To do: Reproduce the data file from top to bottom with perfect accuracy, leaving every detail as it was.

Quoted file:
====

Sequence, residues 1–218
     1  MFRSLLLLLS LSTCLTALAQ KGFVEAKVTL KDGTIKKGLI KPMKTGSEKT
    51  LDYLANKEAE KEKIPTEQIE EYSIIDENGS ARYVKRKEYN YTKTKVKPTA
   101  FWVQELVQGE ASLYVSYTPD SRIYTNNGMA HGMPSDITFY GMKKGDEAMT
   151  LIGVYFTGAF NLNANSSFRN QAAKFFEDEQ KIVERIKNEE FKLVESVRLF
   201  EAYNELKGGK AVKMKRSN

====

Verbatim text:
Sequence, residues 1–218
     1  MFRSLLLLLS LSTCLTALAQ KGFVEAKVTL KDGTIKKGLI KPMKTGSEKT
    51  LDYLANKEAE KEKIPTEQIE EYSIIDENGS ARYVKRKEYN YTKTKVKPTA
   101  FWVQELVQGE ASLYVSYTPD SRIYTNNGMA HGMPSDITFY GMKKGDEAMT
   151  LIGVYFTGAF NLNANSSFRN QAAKFFEDEQ KIVERIKNEE FKLVESVRLF
   201  EAYNELKGGK AVKMKRSN